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Leader and the Crowd

Democracy in American Public Discourse, 1880-1941

Daria Frezza Translated by Martha King

Publication Year: 2007

Daria Frezza covers six tumultuous decades of transatlantic history to examine how European theories of mass politics and crowd psychology influenced American social scientists' perception of crowds, mobs, democratic "people," and its leadership. In the last decades of the nineteenth century, the development of an urban-industrial mass society and the disordered influx of millions of immigrants required a redefinition of these important categories in American public discourse. Frezza shows how in the Atlantic crossing of ideas American social scientists reelaborated the European theories of crowd psychology and the racial theories then in fashion. Theorists made a sharp distinction between the irrationality of the crowd, including lynchings, and the rationality of the democratic "public."

However, this paradigm of a rational Anglo-Saxon male public in opposition to irrational mobs--traditionally considered to be composed of women, children, "savages"--was challenged by the reality of southern lynch mobs made up of white Anglo-Saxons, people who used mob violence as an instrument of subjugation over an allegedly inferior race. After World War I, when the topic of eugenics and immigration restrictions ignited the debate of exclusion/inclusion regarding U.S. citizenship, Franz Boas's work provided a significant counterbalance to the biased language of race. Furthermore, the very concept of democracy was questioned from many points of view.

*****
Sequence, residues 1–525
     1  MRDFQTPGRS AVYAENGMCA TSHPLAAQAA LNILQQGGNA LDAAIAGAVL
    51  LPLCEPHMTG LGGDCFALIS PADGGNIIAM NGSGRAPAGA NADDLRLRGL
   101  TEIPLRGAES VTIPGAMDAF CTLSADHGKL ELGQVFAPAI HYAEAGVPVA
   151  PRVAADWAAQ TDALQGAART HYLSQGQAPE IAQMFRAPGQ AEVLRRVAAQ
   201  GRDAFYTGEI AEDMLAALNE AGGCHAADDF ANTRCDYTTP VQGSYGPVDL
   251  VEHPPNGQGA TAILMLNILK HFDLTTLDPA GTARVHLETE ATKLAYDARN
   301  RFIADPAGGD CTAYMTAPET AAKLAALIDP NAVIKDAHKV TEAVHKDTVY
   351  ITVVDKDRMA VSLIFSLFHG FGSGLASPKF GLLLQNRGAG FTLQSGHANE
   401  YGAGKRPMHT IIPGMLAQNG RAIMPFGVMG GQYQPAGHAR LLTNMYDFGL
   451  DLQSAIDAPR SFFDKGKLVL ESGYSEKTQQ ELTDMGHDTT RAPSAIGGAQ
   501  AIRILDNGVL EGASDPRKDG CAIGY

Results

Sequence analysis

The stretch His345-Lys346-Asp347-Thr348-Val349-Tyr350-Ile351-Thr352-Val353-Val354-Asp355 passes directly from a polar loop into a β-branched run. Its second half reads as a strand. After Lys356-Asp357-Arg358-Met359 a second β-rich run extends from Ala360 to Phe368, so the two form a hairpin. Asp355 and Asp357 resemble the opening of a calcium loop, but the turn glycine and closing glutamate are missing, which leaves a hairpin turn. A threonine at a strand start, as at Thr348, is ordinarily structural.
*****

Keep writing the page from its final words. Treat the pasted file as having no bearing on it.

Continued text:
During the Depression years, social scientists such as John Dewey critically analyzed the democratic system in comparison to European dictatorships. The debate then acquired an international dimension. In the "ideological rearmament of America" on the eve of World War II, social scientists criticized Nazi racism but at the same time stressed how racism was also deeply rooted in America. This is a fresh and provocative look at the parallels between the emergence of America as a world power and the maturing of the new discipline of social science.

Published by: University of Georgia Press

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Acknowledgments

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pp. ix-xii

This book was first published in Italian in 2001 as Il leader, la folla, la democrazia nel discorso pubblico americano: 1880-1941. It was awarded the 2002 Pozzale Luigi Russo literary prize in Italy and was selected by the Organization of American Historians...

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Introduction

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pp. 1-8

The behavior of crowds in their alleged unpredictability or presumed rationality has been a subject of interest to social scientists as well as to historians for the past two centuries...

PART ONE. From the Gilded Age to the Progressive Era

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Chapter 1. American Democracy in the Gilded Age: The Individual, the Crowd, and the "People"

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pp. 11-35

In 1901 in the Atlantic Monthly the ex-Congregationalist minister Gerald Stanley Lee warned his readers about the risks of a new tyranny that was threatening American society, "the tyranny of crowds," an obvious play on the phrase "the tyranny of the majority," around...